Tuesday 25 September 2007

FSG3, SMF, Visual Verification Headache

I am running the Simple Machines Forum software (php) on an Freecom FSG3 Network Storage Box, and have been banging my head on the table because I cannot get the visual verification function to work - all I see is the randomised dots, and no letters in the middle.

The server is Apache, so I checked that it could do graphics - I ran httpd -l to get a list of all of the included modules, and didn’t see the ‘gd’ module, which is needed for the graphics - I though that was it, and wasted a long time trying to cross-compile Apache (that’s a different story). Eventually I found that if you create a php file as follows:

And access if from your webserver, it tells you everything you need to know, including the fact that the gd modules are, after all, included.

Configure Command: ‘./configure’ ‘–prefix=’ ‘–target=arm-linux’ ‘–host=arm-linux’ ‘–build=i686-pc-linux-gnu’ ‘–with-mysql’ ‘–with-apxs=../apache_1.3.33/apxs’ ‘–with-config-file-path=/usr/local/apache/conf’ ‘–enable-mbstring’ ‘–with-gd’ ‘–with-png-dir=/lib’ ‘–with-jpeg-dir=/lib’ ‘–with-zlib’

Knowing that it was after all supported, I started to delve into the php code for the server, looking at each function in turn to check if it was supported. The only thing that was not supported was the true-type-font functions, but this didn’t matter as the code checked for it.

Eventually, I looked at the manpage for the imageloadfont, and saw the following:

“The font file format is currently binary and architecture dependent. This means you should generate the font files on the same type of CPU as the machine you are running PHP on.”

It all became clear. The FSG3 is a big-endian system, whereas (I presume) the SMF software was tested on a little-endian system.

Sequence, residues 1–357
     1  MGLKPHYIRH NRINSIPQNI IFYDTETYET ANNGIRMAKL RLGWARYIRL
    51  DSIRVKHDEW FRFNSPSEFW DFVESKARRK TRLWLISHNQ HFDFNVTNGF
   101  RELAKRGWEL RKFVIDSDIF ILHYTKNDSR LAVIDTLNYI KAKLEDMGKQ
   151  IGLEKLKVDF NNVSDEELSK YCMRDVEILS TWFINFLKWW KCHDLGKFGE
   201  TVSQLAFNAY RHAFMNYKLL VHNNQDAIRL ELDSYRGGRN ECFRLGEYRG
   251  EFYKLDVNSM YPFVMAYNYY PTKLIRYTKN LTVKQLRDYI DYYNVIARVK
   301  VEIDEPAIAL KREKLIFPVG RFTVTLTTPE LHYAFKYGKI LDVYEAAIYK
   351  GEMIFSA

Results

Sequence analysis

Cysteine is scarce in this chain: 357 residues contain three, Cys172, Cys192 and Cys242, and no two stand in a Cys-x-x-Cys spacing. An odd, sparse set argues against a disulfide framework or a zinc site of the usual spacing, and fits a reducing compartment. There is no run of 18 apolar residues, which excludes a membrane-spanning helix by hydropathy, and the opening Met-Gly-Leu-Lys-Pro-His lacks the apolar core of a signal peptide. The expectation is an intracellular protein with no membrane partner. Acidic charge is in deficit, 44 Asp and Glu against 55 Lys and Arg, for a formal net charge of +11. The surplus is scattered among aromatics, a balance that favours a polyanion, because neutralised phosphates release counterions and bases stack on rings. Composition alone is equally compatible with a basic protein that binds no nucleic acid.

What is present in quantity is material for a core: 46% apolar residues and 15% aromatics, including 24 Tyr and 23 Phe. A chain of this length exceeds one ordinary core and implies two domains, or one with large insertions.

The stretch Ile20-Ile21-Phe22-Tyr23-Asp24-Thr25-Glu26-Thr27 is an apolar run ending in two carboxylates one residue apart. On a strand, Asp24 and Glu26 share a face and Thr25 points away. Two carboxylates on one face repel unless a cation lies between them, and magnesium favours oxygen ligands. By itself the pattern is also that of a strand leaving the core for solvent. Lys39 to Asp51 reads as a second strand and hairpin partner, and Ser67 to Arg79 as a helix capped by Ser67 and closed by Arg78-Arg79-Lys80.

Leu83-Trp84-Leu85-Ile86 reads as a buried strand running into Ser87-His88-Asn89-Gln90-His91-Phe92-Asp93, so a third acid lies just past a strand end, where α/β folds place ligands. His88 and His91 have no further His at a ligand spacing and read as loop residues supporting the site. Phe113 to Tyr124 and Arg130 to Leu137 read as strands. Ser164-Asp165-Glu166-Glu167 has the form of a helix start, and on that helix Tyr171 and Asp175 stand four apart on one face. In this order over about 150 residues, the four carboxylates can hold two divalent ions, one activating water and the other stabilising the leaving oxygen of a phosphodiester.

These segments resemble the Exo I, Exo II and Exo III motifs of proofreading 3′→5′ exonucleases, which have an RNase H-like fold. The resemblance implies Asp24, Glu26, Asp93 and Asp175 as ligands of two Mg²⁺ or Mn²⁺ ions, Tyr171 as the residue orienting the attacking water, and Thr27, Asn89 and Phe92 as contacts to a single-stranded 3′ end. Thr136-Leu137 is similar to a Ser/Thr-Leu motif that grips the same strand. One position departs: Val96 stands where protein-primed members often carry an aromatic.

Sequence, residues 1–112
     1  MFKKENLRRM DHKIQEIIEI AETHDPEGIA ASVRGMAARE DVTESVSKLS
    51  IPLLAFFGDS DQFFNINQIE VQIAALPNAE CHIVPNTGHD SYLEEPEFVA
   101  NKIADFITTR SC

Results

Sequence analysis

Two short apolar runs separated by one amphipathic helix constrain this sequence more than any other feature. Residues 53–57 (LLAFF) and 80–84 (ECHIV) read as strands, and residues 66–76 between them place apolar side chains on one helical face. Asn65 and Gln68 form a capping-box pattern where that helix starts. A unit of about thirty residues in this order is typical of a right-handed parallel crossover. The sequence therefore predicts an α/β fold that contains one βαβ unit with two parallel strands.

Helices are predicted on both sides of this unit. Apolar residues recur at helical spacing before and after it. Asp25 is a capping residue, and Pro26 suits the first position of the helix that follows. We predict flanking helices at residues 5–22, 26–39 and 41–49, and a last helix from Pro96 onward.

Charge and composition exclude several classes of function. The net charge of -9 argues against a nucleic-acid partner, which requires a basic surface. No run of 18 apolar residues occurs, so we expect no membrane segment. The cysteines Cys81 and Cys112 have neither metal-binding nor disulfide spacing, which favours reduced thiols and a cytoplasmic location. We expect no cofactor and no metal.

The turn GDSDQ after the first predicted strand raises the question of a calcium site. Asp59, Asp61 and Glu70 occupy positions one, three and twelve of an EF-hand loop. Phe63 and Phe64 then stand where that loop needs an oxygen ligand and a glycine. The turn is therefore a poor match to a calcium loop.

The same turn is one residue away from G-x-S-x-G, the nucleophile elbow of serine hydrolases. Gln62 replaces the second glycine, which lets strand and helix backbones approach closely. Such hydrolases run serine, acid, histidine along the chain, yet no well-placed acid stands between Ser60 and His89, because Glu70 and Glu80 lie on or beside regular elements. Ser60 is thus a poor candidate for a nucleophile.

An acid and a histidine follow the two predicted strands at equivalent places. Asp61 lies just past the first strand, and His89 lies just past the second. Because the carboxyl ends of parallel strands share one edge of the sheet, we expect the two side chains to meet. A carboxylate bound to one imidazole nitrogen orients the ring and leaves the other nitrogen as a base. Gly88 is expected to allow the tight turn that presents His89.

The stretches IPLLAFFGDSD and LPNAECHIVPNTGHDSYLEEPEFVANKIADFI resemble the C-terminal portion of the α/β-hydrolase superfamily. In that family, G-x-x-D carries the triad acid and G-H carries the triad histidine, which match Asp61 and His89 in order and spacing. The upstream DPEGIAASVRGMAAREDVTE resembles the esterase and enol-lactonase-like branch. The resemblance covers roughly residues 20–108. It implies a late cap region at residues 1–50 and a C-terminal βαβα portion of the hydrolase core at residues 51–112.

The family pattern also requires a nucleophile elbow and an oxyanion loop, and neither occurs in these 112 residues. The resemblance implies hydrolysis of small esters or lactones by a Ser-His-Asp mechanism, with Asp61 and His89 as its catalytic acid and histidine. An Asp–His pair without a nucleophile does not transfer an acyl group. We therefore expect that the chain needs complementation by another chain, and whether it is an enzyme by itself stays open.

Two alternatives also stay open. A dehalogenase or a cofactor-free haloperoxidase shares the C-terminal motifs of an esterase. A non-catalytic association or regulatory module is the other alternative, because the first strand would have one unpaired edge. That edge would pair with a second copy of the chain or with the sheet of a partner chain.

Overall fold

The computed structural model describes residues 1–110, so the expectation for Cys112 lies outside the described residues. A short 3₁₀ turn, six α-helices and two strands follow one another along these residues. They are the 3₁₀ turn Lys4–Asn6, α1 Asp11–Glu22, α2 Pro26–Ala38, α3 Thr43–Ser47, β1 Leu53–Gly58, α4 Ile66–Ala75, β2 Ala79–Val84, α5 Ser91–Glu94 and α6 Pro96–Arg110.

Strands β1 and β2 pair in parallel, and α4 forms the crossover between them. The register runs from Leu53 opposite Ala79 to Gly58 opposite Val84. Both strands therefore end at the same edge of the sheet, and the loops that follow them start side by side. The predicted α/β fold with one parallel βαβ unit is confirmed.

The simple act of replacing the font files with big-endian versions enabled the visual verification system to work.

If you just see random dots and no text in the SMF visual verification image, and your system is big-endian, simply replace the gdf font files with big-endian versions.

Saturday 15 September 2007

My Windows Vista Machine cannot access my NAS Shares

After falling over in the house, and pushing my crutches through the screen of my laptop, I’ve replaced it with another one - this is running Vista.

The very first problem I encountered was that I couldn’t see any of the network shares that I used to see on my old XP machine. After a lot of searching, it seems that Microsoft have beefed up the network file sharing security, and made Vista incompatible with old file sharing system security features by default.

There is a registry hack to re-enable this old mode (Using regedit to set the LMcompatibilityLevel to 1).

I have since found that my PC is very slow copying files on the network - to copy 400 files, totalling just 1Mb from a zipfile onto a network drive took 50 (yes Five Zero) minutes.

The real solution is to upgrade the server software at the other end to be compatible. I’m running samba on a Freecom Network Storage Box (FSG3), and upgrading to the latest firmware, which includes samba version 3, has allowed these shares to be seen again.

This may not be the end - at the moment, the machine seems to be running OK.

There is a hotfix available from Microsoft (Knowledge Base Article 931770 - The copy process may stop responding when you try to copy files from a server on a network to a Windows Vista-based computer), but I’ve not applied it at the moment….

Sunday 9 September 2007

Running a DNS Server on an FSG3 Network Storage Box

I have a NAS box in the house, which is used to store my music and video. In the house, also, I have an internet radio / media player, and a networked satellite receiver, and of course, a webserver which recognises several different names (virtual hosts) to direct the access to different directories.